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PREPARATIONS were made for a few day's absence from the city, and the same day the whole family went into the country. There they were entirely alone. Henri did not once visit Paris, and an indifferent person who had seen him, would at once have believed, that his whole heart was devoted to the gentle girl who now seemed only to live in him. His attentions to her were of the tenderest character, and he appeared occupied only with the thoughts of that future which they were both hand-in-hand approaching. But alas, in all this appearance of devotion, there was only a fixed and determined will to fulfil a holy duty.

The ten days glided rapidly away, and the 25th of November at last appeared bright and beautiful as a spring-day. The Chevalier Joyfully welcomed it as the final-point of all his anxieties, and the commencement of a happiness which an insane passion could no longer destroy. Every thing which he had so much feared seemed now nearly vanished. With a happy heart he embraced Gabrielle, when she came on the morning of the eventful day and knelt by his bed-side to receive his blessing.

The breakfast-hour brought all into the dressing-room of the Marchioness, save Henri, who, from respect to that agitation and embarrassment which a bride always manifests, éven to the last moment, in the presence of her betrothed, remained in his own room. The Marchioness was cheerful and affectionate, occupying herself the whole morning with Gabrielle's toilet, walking up and down the room, smiling at the Chevalier, and seeming as if living over her youthful days again.

The marriage ceremony was to be performed at the mayoralty at six o'clock in the evening, the nuptial benediction to be afterwards pronounced in the church at Meudon." It was understood that none but the family were to be present, it being the wish of Gabrielle to avoid all unnecessary display. The Chevalier sought Henri in his own room; he arose to meet him, and the struggle which was waging in his bosom, as he endeavored to nerve himself for his great sacrifice, was clearly visible. The Chevalier felt well that some burden weighed upon his heart which even to him, his best friend, his second father, he was unwilling to reveal.-What step should he take? In two hours he would be united with Gabrielle, and it was therefore better that the name so dangerous to his peace should not be spoken, and that this pain should find no echo.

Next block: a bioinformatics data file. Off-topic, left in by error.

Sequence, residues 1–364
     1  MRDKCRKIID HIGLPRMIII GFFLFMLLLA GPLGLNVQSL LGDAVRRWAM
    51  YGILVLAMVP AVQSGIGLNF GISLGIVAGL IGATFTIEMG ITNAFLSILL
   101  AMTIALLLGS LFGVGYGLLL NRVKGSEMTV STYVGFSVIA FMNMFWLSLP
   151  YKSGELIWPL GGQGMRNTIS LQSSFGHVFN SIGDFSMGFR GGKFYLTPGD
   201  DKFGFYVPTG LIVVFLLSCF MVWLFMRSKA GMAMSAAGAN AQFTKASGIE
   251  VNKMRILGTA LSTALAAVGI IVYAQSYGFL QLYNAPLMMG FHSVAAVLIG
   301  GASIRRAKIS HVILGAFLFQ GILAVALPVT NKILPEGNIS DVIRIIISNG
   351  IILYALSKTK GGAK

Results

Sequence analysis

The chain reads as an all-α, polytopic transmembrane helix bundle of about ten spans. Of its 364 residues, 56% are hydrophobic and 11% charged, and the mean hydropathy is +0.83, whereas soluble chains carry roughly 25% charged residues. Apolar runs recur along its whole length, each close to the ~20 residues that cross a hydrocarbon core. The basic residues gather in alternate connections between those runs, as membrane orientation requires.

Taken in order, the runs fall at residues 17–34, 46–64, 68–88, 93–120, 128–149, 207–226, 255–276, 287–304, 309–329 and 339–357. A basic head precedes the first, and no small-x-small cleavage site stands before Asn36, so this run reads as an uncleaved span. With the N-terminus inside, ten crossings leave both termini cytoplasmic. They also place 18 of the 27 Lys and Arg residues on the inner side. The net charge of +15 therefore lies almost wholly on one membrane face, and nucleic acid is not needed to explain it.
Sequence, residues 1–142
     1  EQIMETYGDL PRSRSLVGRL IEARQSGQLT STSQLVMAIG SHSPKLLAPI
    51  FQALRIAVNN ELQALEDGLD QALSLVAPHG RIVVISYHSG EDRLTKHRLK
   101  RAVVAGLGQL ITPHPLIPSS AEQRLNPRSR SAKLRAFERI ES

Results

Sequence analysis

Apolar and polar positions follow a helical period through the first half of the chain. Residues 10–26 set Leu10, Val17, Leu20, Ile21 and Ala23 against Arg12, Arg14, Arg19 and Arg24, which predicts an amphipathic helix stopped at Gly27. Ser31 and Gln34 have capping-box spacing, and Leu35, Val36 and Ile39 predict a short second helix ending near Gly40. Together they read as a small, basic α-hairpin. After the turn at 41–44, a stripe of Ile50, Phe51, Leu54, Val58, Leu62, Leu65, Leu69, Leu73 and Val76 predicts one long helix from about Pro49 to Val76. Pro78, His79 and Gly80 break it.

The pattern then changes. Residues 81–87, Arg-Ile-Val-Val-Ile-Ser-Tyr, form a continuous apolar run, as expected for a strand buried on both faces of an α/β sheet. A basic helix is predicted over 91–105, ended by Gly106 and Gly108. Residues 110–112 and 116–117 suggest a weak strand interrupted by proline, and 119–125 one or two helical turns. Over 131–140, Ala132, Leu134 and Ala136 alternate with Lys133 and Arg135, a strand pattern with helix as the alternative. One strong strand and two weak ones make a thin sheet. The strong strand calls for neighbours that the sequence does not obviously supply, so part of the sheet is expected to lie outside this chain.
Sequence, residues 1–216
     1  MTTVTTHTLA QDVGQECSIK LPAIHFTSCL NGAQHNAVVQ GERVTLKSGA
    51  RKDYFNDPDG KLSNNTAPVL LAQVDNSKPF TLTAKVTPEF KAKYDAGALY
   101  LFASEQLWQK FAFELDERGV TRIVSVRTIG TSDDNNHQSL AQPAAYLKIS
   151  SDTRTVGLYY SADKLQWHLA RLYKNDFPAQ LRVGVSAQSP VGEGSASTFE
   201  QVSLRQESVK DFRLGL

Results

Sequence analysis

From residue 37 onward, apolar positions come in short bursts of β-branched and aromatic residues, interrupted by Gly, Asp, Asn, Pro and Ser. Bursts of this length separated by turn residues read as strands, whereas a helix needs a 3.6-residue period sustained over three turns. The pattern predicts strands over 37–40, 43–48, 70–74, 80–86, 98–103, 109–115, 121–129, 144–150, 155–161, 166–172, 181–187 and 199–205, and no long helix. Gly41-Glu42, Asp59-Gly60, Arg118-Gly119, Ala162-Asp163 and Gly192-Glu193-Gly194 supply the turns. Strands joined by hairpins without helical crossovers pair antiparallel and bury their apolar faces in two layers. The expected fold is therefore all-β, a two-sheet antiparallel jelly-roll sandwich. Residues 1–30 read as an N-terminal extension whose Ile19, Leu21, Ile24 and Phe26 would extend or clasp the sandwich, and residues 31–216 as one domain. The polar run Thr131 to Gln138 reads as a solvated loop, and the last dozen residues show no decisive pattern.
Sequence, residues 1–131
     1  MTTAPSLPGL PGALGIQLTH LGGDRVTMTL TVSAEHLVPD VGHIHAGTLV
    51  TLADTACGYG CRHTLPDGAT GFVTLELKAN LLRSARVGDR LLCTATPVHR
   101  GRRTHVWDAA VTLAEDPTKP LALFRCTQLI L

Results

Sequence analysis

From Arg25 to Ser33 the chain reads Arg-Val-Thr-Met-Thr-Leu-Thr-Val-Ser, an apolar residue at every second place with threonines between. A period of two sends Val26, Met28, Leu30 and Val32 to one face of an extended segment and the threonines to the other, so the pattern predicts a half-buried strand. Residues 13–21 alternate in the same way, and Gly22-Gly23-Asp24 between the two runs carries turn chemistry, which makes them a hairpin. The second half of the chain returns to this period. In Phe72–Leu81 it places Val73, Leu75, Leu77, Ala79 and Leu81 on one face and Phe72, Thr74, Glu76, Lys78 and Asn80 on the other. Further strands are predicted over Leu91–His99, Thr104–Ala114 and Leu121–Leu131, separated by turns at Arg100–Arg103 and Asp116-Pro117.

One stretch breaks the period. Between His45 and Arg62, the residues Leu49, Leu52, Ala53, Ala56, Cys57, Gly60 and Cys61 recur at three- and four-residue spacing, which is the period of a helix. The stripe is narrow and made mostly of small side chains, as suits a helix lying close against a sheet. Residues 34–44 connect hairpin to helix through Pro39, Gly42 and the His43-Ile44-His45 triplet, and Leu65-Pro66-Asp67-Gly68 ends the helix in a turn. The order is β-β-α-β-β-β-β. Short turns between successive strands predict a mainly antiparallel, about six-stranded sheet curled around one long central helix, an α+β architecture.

Henri arranged his toilet, and soon followed the Chevalier to the library. Never had the young man looked so beautiful. His black garments, his pale and spiritual countenance, touched with a pensive sadness, might well have created a doubt whether he were prepared for a bridal or a burial. He approached a book case and took out a book, but immediately throwing it from him, turned to the hearth and sat down. He endeavored to smile cheerfully, but his hands trembled, and his mind was completely distraire. The Chevalier looked at the book; it was a "Journey to Spain," which had been presented to the Marchioness by Madame de las Vermejas.

Towards six o'clock, when both entered the hall, Henri appeared cold and collected: he approached Gabrielle, who had given her arm to her aunt, and kissed her hand. Gabrielle was dressed in white satin, and wore a wreath of orange-flowers and a bridal veil. Modest and graceful, she stood like a good angel, at whose sight every sinful thought, every foolish passion was silenced. Henri felt this influence, his brow grew serene, and at that moment he perhaps forgot the Spaniard.

The hall was brilliantly illuminated—the numerous lights seemingly a hundred times reflected by the high and splendid mirrors, and the walls were festooned by garlands of natural flowers. The little party seemed lost in the glittering and spacious drawing-room, and the Chevalier proposed that they should go into the smaller saloon.

“No, no!" answered the Marchioness with a triumphant glance, " for we shall have visitors. Did you think I would marry my niece in a sitting room?"

Scarcely had she spoken these words when the folding doors flew open, a circle of relatives and acquaintances entered, and, among them, Madame de las Vermejas.

“This is a surprise which I have prepared for you!" said the Marchioness, turning to Gabrielle, while the latter, blushing and smiling, stood receiving the good-wishes of the new comers.

Madame de las Vermejas quietly took her place by the side of the bride. She was dressed entirely in white, wore a wreath of white flowers twined in her raven hair, and a stranger would have found it difficult to decide whether she or Gabrielle were the bride. Henri had covered his face with his pocket-handkerchief, leaving no part of it exposed save the pale brow, whose whiteness rivalled that of the snowy cambric.